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The Yukkie Reality Under the World of Appearances

The other day I went to "Poop Central" in Quartzsite, that famous modern equivalent of Cloaca Maxima of ancient Rome.  I expected to pay 80% as much to dump a 5 gallon porta-pottie as you would pay to dump a 75 gallon tank in a Class A motorhome. That's how things work in this country. Much to my relief (bad pun), the cost was entirely reasonable.

I brought a flexible sheet of plastic along, to make a funnel out of, in order to dump the porta-pottie into the 4" hole without spillage. It was strange the way they brushed me off, just as a busy auto mechanic dismisses the emotional anecdotes of a female motorist who is describing her car problems. The worker at Poop Central pulled up a manhole cover, and told me to just hurl it in.

What? Hurl it in? What was going on down there, anyway? After a couple seconds my eyes adjusted to the shadowy netherworld under the superficial world of appearances, and I saw a milk crate a couple feet below. Why would a milk crate be there?

Have you ever had somebody responsible for an RV dump explain to you what ridiculous things people hurl down a 4" hole? It clogs things up. It is one of the reasons that it gets harder to find an RV dump every year. Soon free ones will be a things of the past. What an elegant solution it was to catch those solid objects with a milk crate, lift it up now and then, and throw the solid trash in a dumpster.

I found this experience a bit amusing. It is one more example of how little we understand of the world as it really works. Nobody lives on farms anymore, but food magically appears at the grocery store. Few people have seen a tree made into a 2 X 4, or toured an automobile assembly plant. How many people appreciate all the steps needed to convert the black gook called petroleum into gasoline?

Today we walk into the customer lobby of the Economy-in-General, fill out some annoying paperwork, whip out a credit card, and watch television to kill time, while somebody else deals with ugly, yukkie, physical reality.

Perhaps a better connection with the realities of the world is one of the benefits of travel. Imagine a Manhattanite who has gotten interested in growing herbs and flowers in a couple pots on her roof patio; then she drives through wheat fields in Saskatchewan for the first time, and sees a bulldozer-like tractor pulling a harrow a hundred feet wide. Or a land-locked midwesterner squatting on a dock -- as I did once -- and being awakened in the middle of the night by the horn of a tugboat, who guided oil freighters into a giant refinery.

In the case of Quartzsite, its claim to fame, its world-class status, is poop-on-wheels! How fitting that I had this experience here.

Ahh dear. If only it was easier to have thought-provoking experiences when traveling. If only there was more freedom and trust between visitors and locals, between professionals and amateurs. And fewer regulations and restrictions. We could better learn how the world works, and what other people have to do for a living.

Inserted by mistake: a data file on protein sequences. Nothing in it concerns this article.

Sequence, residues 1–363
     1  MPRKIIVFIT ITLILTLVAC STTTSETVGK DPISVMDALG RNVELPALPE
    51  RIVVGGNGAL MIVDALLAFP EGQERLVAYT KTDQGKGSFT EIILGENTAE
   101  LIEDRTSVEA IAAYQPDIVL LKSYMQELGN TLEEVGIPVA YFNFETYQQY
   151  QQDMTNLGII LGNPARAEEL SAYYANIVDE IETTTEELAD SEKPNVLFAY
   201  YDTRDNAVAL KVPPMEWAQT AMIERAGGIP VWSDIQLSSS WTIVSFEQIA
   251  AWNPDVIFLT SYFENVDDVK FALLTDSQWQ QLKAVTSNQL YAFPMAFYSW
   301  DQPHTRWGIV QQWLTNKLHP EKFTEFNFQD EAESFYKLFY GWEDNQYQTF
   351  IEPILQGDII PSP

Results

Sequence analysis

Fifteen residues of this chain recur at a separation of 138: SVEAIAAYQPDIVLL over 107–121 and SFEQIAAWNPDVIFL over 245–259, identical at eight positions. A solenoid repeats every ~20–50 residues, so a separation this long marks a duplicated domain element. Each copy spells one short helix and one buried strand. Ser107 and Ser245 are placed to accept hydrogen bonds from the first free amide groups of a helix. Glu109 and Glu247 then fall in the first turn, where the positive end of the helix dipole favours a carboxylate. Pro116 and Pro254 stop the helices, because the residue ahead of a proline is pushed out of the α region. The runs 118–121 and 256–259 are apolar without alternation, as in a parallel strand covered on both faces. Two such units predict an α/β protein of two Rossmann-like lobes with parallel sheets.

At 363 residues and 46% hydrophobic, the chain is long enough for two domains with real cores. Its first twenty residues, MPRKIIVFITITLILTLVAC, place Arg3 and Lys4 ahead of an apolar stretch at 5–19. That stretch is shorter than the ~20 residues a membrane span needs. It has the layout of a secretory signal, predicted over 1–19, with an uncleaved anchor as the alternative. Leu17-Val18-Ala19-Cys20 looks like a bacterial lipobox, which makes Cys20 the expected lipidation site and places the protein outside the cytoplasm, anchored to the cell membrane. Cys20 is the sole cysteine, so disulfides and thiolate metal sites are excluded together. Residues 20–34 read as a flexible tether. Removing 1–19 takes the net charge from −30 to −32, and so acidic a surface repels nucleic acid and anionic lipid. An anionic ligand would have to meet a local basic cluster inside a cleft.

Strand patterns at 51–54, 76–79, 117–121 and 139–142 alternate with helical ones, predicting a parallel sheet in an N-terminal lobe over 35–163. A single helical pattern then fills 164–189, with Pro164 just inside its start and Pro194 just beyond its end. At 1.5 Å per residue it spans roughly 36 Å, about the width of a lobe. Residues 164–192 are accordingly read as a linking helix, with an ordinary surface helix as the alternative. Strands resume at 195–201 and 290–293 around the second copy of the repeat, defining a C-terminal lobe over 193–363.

Ed said…
"We could better learn how the world works, and what other people have to do for a living."

We do that by watching "Dirty Jobs With Mike Rowe". That is as close as most people will ever get to seeing what people have to do for a living. Even then they are not learning anything it is simply more entertainment or our cultures "bread and circuses".
Anonymous said…
I started off reading this post thinking, hey, we might get a positive post out of you yet! Oh well, maybe someday. So sad.
Guess I'll have to restrict my posts to breathtakingly beautiful sunsets and desert wildflowers.
XXXXX said…
Of course, don't overlook the obvious that Anonymous keeps on reading anyway!
There just are those folks in the world, like Robert Louis Stevenson and Joseph Conrad, not to mention Carl Jung and all his many admirers and followers, plus many others for sure, who rather enjoy looking at the dark side of human nature because they are all more interested in the truth about life rather than mindless entertainment.
You pick. Brutal intelligence vs. frivolity.
jevowell said…
I would certainly be impressed by a 100' wide harrow. The biggest one I've ever been around was only 50' wide. :-)

But they don't have the serious agriculture in the Idaho panhandle that they have in the Great Plains. (grin)

OK, I admit that 50' is a better estimate. But it would have ruined the alliteration.
Well, I'm impressed that they have a subject like that on television. Of course, they must choose jobs that are photogenic, with photogenic backgrounds.
John V said…
Sad?! I think Anonymous is just underestimating the Joy of Cynicism and Skepticism.
sooperedd said…
I don't like to talk about poop.
In fairness to Anonymous, if she (I can always tell) came to my blog from the world of RV travel blogs, she expects cheerleading and sugar-coated romantic escapism about "living her Dream." And then she wonders what the hell is wrong with my blog, because it just doesn't play along with that.

The explanation is quite simple: this is an eclectic blog -- not an RV blog -- and it is not trying to promote or sell something. Nor is it trying to be popular.
This post is about dumps, not poop. (grin)